From the inside flap
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Gremlins 2: The New Batch

Gremlins 2: The New Batch by David Bischoff
based on the screenplay written by Charlie Haas
Avon Books, 1990
Price I paid: 90¢





Who would have thought that within every playful, cuddly Mogwai there lurked a gleefully, malevolent gremlin? Billy Peltzer and his girlfriend Kate Beringer found out the hard way—and it nearly destroyed their hometown of Kingston Falls. Now the young lovers have come to New York to seek their fortunes. But the towering, high-tech office building in which they work is about to become a breeding ground for a whole new batch of deliciously malicious creatures.

Start spreading the news. The gremlins—lots of them—have come to take Manhattan…and they’re itching to comically paint the Big Apple gremlin green!

Continue reading “Gremlins 2: The New Batch”


“Impostor” by Philip K. Dick
from The Metal Smile, ed. Damon Knight
Belmont Science Fiction, 1968
Originally published in Astounding Science Fiction, June 1953
Price I paid: none


marked the beginning of our cybernetic society. How will it end?

The varied answers to that question have proved to be fertile ground for some of the greatest science fiction imaginations. But perhaps we shouldn’t look too closely into the future of cybernetics. It may be that the survival capacity of the thinking machine is greater than that of its maker…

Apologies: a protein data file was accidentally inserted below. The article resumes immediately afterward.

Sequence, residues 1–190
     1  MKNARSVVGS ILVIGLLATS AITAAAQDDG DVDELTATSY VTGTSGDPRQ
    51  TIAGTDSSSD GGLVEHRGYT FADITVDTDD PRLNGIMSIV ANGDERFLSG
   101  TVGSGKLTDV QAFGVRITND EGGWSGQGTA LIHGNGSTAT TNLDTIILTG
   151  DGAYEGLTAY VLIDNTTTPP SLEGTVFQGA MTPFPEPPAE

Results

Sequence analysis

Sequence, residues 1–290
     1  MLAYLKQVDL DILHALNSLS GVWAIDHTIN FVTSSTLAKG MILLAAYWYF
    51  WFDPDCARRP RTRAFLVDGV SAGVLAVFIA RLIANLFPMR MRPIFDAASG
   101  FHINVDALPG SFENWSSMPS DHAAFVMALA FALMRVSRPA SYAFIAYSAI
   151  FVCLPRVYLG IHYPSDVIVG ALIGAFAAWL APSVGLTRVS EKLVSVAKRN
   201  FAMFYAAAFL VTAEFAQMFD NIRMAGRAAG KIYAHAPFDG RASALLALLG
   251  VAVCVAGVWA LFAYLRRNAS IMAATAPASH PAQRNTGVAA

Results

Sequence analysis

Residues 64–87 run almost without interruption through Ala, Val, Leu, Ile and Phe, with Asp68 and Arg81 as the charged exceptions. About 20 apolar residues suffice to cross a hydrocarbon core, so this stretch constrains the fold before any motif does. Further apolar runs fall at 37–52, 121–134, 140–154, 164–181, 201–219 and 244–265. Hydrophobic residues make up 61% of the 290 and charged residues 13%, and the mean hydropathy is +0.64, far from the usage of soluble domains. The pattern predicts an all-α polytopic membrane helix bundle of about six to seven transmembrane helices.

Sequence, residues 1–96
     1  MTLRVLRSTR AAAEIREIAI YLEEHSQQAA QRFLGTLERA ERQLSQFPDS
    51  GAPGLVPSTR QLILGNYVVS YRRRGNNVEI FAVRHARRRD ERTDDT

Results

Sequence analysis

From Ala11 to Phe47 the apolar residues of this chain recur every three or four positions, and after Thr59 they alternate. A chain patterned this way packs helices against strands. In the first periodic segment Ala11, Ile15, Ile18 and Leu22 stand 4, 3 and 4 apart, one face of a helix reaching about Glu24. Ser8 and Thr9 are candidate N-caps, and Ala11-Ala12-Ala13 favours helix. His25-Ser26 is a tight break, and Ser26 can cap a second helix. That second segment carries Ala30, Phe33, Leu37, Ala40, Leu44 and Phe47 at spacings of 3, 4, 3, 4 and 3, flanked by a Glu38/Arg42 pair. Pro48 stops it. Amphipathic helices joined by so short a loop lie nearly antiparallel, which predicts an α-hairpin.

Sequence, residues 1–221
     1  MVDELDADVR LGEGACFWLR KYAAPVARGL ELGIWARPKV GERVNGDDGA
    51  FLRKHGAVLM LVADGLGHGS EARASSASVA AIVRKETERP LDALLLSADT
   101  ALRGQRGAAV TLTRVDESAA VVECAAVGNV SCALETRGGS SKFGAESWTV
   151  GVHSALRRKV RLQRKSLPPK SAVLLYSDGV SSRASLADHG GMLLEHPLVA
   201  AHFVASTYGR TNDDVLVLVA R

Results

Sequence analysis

Continue reading ““Impostor””

I’ll Be Back Next Week

Hey all, I know that I’m a giant bummer joykiller, but I’m gonna be on the road for the holidays and I don’t really have the time to present you with a proper post this week, so I’m coppin’ out and throwin’ the whole schedule out of whack.

Just so you didn’t come all this way for nothing, here are some micro-reviews of stuff I’ve read this year:

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Casca #1: The Eternal Mercenary

Image courtesy

Casca #1: The Eternal Mercenary by Barry Sadler
Casca eBooks, 2014
Originally published by Ace Charter, 1979
Price I paid: $9.98

When they flew Casey into the hospital at Nha Trang, the medics were sure he’d die. That he didn’t was only the first surprise.

The second, bigger one, was that Casey had been fighting for two thousand years, ever since that day on Golgotha when he put his lance into the side of the Man on the Cross.

“Soldier, you are content with what you are. Then that you shall remain until we meet again.”

So does Casca’s journey begin, a man who cannot die, does not age, and knows no skill but those of battle. He becomes The Eternal Mercenary.

copied from Goodreads
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Lurid Dreams

Lurid Dreams by Charles L. Harness
Avon Books, 1990
Price I paid: 90¢

Though basically a skeptic, William Reynolds had known out-of-body experiences in the past. But never before had he floated past the boundaries of Baltimore…and across the borders of time. And now, with the fires of Civil War looming on the horizon, the astonished graduate student was hobnobbing with none other than the dark poet Edgar Allen Poe. But their meeting of minds was to have chilling consequences. For a desperate Confederacy planned to use them both to remold the world—and to change history…for the worse.